And when I say breed, I really mean stand and stare at the bees and hoverflies transferring pollen as they flit from flower to flower - very relaxing. Back in the early days, I rushed to hand pollinate and bag flowers individually and I think I even went to the trouble of recording parentage, but I now no longer have time or the inclination for such niceties. If you want to look at someone who's far more methodical than me, check out Bill's blog.

Proper breeders are supposed to apply some sort of directional selection pressure to their charges. I've done very little of this, I must confess. There are two reasons: firstly I started with only a few clones and I thought it wise to conserve as much variation as possible before culling ruthlessly.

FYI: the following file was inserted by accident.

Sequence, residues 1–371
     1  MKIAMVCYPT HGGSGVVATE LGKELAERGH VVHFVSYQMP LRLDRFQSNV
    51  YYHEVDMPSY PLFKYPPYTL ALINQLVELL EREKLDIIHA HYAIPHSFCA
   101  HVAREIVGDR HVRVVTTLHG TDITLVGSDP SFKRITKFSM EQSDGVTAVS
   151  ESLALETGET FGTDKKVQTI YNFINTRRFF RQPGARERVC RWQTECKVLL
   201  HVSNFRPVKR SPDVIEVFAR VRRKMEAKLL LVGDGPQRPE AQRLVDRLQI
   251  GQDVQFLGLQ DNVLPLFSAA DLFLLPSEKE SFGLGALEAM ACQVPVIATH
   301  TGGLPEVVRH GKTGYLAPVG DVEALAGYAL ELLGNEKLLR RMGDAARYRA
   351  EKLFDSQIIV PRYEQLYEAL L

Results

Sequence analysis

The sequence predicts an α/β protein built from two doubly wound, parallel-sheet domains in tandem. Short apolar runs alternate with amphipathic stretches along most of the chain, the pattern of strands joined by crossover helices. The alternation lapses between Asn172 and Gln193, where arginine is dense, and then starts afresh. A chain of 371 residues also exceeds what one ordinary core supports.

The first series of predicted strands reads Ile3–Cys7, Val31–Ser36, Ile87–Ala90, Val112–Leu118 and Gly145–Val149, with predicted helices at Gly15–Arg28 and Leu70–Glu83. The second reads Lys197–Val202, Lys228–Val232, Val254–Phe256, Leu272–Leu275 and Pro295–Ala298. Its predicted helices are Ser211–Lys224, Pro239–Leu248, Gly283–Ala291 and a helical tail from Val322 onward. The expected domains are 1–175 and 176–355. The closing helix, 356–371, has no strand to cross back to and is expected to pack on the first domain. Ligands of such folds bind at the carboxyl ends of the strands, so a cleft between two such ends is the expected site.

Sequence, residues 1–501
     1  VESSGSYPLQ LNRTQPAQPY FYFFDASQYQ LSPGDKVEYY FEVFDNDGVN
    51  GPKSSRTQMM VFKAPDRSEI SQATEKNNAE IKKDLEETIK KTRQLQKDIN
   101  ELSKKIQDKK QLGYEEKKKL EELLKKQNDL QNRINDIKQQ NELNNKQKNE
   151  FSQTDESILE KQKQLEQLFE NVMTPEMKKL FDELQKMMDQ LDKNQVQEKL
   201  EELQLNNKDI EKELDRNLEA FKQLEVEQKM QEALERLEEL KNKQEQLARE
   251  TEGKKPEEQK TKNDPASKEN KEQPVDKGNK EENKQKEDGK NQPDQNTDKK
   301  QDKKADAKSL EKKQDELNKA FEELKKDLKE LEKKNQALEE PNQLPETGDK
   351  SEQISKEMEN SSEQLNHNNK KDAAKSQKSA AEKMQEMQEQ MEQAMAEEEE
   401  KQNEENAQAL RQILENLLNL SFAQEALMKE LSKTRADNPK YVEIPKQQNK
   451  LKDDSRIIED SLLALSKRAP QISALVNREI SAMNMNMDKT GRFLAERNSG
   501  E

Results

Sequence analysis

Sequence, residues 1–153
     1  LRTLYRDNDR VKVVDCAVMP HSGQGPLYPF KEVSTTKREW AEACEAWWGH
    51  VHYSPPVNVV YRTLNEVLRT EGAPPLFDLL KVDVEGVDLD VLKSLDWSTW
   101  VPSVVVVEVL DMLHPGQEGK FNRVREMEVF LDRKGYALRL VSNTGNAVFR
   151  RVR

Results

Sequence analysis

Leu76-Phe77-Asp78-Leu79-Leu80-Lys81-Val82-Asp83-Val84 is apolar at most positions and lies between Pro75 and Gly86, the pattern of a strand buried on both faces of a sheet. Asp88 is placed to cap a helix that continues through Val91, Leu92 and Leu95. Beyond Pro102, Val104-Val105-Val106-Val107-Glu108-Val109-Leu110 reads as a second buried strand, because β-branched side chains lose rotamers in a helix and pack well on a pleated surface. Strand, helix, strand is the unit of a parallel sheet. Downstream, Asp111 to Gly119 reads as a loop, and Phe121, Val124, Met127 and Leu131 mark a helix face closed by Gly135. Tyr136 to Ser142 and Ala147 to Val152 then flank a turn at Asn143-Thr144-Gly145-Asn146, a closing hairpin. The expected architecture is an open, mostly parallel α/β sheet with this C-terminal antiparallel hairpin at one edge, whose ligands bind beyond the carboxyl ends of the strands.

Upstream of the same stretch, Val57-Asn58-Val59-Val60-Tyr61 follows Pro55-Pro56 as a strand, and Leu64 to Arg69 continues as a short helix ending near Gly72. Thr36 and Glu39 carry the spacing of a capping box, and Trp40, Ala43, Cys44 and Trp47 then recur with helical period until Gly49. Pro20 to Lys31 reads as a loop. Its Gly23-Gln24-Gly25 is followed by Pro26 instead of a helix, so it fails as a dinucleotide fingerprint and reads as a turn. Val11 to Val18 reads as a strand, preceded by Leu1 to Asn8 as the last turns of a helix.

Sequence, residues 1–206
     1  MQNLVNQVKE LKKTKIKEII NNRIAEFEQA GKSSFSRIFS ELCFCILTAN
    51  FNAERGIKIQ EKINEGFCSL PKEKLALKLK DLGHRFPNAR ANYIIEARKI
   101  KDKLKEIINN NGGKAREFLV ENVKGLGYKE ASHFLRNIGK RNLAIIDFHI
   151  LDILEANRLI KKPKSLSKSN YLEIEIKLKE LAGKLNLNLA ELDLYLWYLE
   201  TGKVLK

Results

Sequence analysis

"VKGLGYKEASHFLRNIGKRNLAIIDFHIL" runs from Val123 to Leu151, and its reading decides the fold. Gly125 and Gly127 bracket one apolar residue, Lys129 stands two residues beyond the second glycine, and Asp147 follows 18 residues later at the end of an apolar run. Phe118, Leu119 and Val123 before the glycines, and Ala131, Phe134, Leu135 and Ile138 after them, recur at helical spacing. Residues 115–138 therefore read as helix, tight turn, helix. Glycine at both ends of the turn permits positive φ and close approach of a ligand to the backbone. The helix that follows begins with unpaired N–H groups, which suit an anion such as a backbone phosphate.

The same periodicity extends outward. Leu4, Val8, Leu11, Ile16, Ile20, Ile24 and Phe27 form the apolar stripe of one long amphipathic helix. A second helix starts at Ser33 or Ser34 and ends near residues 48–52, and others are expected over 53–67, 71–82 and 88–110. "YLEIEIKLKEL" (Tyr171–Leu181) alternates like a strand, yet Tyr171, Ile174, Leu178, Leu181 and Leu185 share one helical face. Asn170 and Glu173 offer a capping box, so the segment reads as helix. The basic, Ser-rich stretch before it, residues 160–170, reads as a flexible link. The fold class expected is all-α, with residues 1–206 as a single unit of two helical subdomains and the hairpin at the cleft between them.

Secondly, I'm a softie at heart and don't like to institute a reign of terror on my charges - I'm not Ivan the Terrible, I'm Rhizowen the lily-livered.

So as a bystander to oca's unfolding evolution, what conclusions can I actually draw? Here are a few, off the top of my head:
  • Oca seedlings are variable - leaf, stem, and tuber colour, pubescence, height, you name it, it varies.  
  • Oca seedlings generally flower much more readily than commercially available varieties.
  • There are many more of the short and mid-styled varieties than long styled ones.
  • Oca seeds germinate fairly easily and grow quite fast; they can go from seed to seed outside in one season here in Cornwall.
  • Tubers from oca seedlings are perfectly edible and not always tiny, knobbly and misshapen.